Blue, yellow, green: As night falls, the dome of the Kigali conference centre lights up, resplendent in the colours of Rwanda's flag as it aims to attract all eyes on the capital, and beyond.
In less than a decade, the small, landlocked nation has established itself as a destination for conferences, sports tournaments and other events, billing itself as "Africa's Singapore" in a bid to boost business and the economy.
"Rwanda is one of the most stable countries in East Africa. So... people feel comfortable and safe when they come to these kinds of meetings," Senegalese agricultural expert Ghislain Kanfany told AFP as he arrived for a conference of African plant producers.
Although rights groups regularly accuse President Paul Kagame's government of crushing dissent and keeping an iron grip on power, Kigali's clean, well-paved streets and modern infrastructure make a positive first impression on many visitors.
Organisers say that low levels of bureaucracy and effective management of the Covid-19 pandemic also make it easier to hold large-scale events in the country.
"There is not much red tape," said South African Kuben Pillay of the International Cricket Council, in town for a qualifying tournament.
Prior to the pandemic, conference revenues had jumped nearly 40 percent between 2016 and 2019, according to government figures, with Kigali second only to Cape Town in terms of the number of events hosted on the African continent, the International Conferences and Conventions Association said.
- Building boom -
The mushrooming of new infrastructure over the last six years -- including the Kigali Convention Centre, whose dome is inspired by Rwanda's beehive-shaped palaces, the Gahanga Cricket Stadium, or the 10,000-seater Kigali Arena, East Africa's biggest indoor venue -- has helped develop the nascent sector.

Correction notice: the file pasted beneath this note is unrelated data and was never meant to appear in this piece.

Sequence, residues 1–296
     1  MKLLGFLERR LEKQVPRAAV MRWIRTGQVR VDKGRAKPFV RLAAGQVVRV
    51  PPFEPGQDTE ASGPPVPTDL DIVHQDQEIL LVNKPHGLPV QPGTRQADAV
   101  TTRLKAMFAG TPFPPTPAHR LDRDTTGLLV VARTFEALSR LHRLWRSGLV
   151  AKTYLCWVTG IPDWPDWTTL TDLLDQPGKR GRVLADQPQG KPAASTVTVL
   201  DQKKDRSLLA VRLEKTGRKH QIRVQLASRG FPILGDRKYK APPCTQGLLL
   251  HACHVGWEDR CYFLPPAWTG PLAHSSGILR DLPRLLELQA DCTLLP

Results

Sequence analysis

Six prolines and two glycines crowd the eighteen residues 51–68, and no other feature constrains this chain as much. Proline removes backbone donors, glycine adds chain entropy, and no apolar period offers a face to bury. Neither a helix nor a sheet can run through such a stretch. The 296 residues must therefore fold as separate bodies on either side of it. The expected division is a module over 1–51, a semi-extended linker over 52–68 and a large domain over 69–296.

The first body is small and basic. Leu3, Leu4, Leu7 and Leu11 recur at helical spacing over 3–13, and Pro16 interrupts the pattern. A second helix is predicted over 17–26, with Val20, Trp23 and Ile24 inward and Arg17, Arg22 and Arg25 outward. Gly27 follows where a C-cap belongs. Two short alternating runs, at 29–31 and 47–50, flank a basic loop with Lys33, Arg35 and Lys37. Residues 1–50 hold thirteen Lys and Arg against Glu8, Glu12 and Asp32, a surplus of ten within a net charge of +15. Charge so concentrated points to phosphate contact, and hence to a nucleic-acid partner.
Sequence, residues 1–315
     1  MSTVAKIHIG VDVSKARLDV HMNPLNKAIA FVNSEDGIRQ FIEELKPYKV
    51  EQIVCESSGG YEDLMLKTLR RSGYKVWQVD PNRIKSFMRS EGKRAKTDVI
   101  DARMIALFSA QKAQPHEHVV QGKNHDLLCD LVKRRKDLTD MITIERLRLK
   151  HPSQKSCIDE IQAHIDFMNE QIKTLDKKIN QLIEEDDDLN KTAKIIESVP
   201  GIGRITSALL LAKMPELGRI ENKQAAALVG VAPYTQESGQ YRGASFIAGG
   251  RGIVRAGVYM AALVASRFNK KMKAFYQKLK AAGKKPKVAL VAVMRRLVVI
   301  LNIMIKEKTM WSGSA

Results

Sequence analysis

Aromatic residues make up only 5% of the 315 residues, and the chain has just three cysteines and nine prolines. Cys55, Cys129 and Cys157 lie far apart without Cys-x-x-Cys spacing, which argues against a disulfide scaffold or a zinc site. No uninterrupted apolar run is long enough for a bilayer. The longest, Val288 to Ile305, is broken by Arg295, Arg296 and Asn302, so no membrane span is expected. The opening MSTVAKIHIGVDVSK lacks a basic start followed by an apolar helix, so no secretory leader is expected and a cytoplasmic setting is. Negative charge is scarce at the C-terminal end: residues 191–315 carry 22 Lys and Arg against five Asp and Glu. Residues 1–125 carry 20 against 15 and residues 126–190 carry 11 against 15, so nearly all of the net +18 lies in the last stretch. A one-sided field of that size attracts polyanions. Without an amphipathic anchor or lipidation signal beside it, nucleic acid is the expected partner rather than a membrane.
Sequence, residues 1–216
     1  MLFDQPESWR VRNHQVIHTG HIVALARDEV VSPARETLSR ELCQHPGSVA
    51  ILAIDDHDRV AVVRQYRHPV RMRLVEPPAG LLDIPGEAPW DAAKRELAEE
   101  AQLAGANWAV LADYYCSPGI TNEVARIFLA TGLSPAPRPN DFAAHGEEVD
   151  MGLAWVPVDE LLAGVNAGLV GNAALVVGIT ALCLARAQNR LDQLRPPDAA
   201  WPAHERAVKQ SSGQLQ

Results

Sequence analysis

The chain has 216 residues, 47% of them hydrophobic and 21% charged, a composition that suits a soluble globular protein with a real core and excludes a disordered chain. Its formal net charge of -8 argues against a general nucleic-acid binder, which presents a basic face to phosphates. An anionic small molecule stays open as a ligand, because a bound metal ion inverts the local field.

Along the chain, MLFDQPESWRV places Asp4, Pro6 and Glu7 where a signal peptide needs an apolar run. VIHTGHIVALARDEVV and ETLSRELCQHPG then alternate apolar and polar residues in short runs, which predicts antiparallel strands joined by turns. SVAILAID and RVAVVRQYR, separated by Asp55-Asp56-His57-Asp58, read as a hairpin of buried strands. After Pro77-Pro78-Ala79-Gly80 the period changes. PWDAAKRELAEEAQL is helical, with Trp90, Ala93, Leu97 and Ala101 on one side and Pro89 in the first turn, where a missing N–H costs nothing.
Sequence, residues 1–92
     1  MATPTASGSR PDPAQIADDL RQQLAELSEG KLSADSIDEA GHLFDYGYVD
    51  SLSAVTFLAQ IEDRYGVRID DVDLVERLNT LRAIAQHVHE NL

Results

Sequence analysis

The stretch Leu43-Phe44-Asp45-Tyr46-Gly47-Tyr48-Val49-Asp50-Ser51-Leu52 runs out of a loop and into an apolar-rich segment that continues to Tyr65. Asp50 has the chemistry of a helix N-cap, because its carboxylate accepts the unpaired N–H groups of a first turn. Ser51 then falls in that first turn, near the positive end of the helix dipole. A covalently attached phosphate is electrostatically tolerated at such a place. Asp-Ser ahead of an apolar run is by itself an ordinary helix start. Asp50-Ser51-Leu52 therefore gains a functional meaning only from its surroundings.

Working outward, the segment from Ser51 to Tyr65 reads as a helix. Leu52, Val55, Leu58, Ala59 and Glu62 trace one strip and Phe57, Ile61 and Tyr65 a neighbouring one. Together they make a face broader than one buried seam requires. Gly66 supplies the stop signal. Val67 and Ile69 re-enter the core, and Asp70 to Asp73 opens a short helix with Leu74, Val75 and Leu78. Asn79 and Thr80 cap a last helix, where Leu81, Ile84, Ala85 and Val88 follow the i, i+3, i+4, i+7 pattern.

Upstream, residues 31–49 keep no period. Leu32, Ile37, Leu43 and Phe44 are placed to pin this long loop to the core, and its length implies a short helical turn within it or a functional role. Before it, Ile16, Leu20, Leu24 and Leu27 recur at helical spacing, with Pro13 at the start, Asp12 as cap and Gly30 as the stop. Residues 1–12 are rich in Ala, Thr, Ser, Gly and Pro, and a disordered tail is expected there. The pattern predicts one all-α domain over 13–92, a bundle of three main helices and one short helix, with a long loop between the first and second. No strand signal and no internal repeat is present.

Hotel owners have also sensed an opportunity, with major international hotel chain setting up shop next to the convention centre.
The authorities are pumping in funds to expand the national airline RwandAir and build a new international airport on the outskirts of the capital.
"The government of Rwanda has (put) a lot of effort into making sure people can feel safe having their event (here)," said Janet Karemera, deputy director of the Rwanda Convention Bureau (RCB), the public agency promoting the sector.
But the success of the fast-growing sector has raised concerns among activists, who have previously accused Rwandan authorities of rounding up street vendors, homeless people and sex workers ahead of high-profile events such as the Commonwealth Heads of Government Meeting (CHOGM).
"Rwanda's strategy to promote Kigali as a hub for meetings and conferences often means continued abuse of the capital's poorest and most marginalised residents," Lewis Mudge, Central Africa director at Human Rights Watch, said last September after the CHOGM event was rescheduled due to the pandemic.
"Rwanda's Commonwealth partners have a choice: either speak up for the rights of the victims or be silent as the crackdown is carried out in their name," he said.
Government spokeswoman Yolande Makolo told AFP the claims were "fabricated reports... specifically calculated to harm a strategic sector of our economy."
- 'Domino effect'
With the promise of bringing in foreign exchange, authorities hope the sector will offer an economic boost to the landlocked nation which relies on expensive imports.
Heavy investment in infrastructure has contributed to Rwanda's debt, up from 15 percent of GDP in 2010 to nearly 54 percent in 2019, according to a report last year by the French Development Agency.
Conversely, conference revenues remain low for the time being -– around one percent of GDP, according to the RCB.